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Examples :: English Language :: Homographs


Homograph is derived from the Greek. It means literally 'same write'. The word describes any group of words which are spelt the same way but have different meanings.

Note: Homonyms are case sensitive. A name, for example, or something spelt with a capital letter, isn't a homograph.

Homonyms aren't the same as Homophones.

They're not always pronounced the same way.

I will read the book.
I have read the book.

Close to home.
Close the door.

Homographs differ in their meanings. Some homographs are obviously from a common original derivation. Others are quite unrelated, with no obvious connection to other uses of the words:


Close- nearby: 	                'We're getting close to the border.' 
Close- confining: 'It's very close in here, isn't it?'
Close- to close: 'Close the door, it's freezing.'
Close- detailed: 'The company is under close scrutiny.'


Commission- sales pay	         'The job only pays commission.'	
Commission- work of art 'They decided to commission a statue.'
Commission- official 'The Commission will study the industry.'
Commission- military 'He was commissioned a second lieutenant.'


Cut- to sever: 		         'Cut the ribbon.'
Cut- to divide property: 'Everyone gets a cut.'
Cut- make smaller: 'I know a short cut.'
Cut- interrupt 'She cut across him.'


Grand- appearance		'Everything was done to look grand'
Grand- slang 'We made a hundred grand.'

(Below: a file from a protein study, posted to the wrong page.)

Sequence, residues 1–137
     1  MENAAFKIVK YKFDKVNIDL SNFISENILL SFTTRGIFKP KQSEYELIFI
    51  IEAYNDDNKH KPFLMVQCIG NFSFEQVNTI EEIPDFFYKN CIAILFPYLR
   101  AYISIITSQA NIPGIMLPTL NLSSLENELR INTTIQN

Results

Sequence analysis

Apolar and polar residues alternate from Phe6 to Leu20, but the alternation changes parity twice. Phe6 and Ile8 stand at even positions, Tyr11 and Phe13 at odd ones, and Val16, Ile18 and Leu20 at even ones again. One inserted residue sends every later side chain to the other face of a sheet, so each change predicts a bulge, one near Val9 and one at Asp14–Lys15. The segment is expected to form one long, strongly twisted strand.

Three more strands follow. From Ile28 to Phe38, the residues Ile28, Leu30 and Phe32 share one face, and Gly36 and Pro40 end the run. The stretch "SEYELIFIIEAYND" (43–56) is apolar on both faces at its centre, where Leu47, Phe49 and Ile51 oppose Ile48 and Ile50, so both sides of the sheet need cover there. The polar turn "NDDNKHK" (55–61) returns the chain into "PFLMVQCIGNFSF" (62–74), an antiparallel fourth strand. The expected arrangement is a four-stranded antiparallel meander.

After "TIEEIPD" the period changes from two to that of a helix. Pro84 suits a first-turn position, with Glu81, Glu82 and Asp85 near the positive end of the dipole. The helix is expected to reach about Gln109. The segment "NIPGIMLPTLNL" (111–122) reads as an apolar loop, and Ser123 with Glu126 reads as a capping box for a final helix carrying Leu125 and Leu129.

Grand- musical 'grand piano, Grand Staff'
Grand-occasion 'It was a grand historical event.'

Gross- number		         12 x 12 (144) An old commercial measure.
Gross- slang 'A really gross person.'
Gross- financial The company had a gross net profit of $X.
Gross- measurement The gross weight is 1kg including packaging.

Tear- crying			He wiped away a tear.
Tear- action Tear the cloth.
Tear- noun There's a tear in the tablecloth.
Tear- slang That'll tear it, if that happens.

Tone- music			A tone is a measure of pitch.
Tone- color A color tone is a shade.
Tone- physical fitness People tone their physiques.
Tone- attitude 'Don't use that tone with me!'

Wind- nature			The wind blows through the trees.
Wind- metaphor The wind of time blew away the Empires.
Wind- action Winding a clockwork watch.
Wind- slang 'Don't wind them up.' 'He's got the wind up.'
'He's all wind, all talk.'
The best ways of identifying homographs is their idiomatic context. When learning a language like Chinese or English, homographs always have unique meanings.